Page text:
I hate power–

the golden poison glows

in their eyes, searching for more

as good becomes worse, and the worse, the poor.

I hate ignorance–

people never want to know

about our society as one whole;

Don’t bother to look over the rim of your own bowl.

I hate apathy–

someone’s got to care,

“Change our world!” they all cry,

then go back to a hypocritical lie.

– D.Y.

Isn’t it great that half the people in the world want change, but they don’t know what they want to change?  Take global warming.

Now before this so-called “Climate Gate Scandal,”  before people found out that scientists were fudging data (and a lot of data it seems), nobody gave a crap about global warming.  Sure, society in general might have had a few scares, but really, did they care?  “Our planet is (evidently) burning up! SOMEBODY FIX IT! Kthxbai.”

Ooh, corruption, that always catches everyone’s eye.  Now everyone says that they care about global warming, and everyone’s going around with their own, mostly uninformed opinions, but they still don’t really care about global warming per se.  They care more that something exciting, something out of the ordinary, something CORRUPT happened (shocker!).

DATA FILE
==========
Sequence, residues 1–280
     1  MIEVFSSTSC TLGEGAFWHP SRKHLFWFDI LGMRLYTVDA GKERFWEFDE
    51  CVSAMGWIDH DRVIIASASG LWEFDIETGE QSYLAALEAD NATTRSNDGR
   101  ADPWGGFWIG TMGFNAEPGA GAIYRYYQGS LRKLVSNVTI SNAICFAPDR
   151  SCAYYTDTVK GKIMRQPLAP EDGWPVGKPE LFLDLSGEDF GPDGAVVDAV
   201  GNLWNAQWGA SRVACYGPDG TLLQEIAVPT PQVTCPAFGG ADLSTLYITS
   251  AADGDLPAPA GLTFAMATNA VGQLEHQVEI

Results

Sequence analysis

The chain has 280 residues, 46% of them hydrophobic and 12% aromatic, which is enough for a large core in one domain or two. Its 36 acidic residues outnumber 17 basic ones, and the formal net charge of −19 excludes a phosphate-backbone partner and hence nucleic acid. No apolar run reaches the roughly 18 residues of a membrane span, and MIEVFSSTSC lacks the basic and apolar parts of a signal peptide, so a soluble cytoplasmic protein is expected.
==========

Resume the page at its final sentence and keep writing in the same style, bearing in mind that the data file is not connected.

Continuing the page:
How could those terrible, terrible scientists have done that to us poor, unaware general public?

We really are quite excitable goats…..umbrella of scandalous affairs, GO!

– Beyond Apathy

What to expect

Don’t expect much.  This is just a place for letting ideas and thoughts loose–thoughts ranging from current events to philosophy to religion to idiocy to the human condition.

Not that they’re good ideas and thoughts, but you’re reading this post, aren’t you?

There will be occasional media accompaniment with my thoughts of the blog, mostly comprised of youtube videos, xkcd comics, and pictures…

Oh, and I’m also very fond of quotes.  Many, many quotes.  Perhaps one at the end of each post if I can find a decent one.

I also write poetry, so look out for some of my poems.

Feedback is much appreciated.

“Whether or not you write well, write bravely.” – Bill Stout

– Beyond Apathy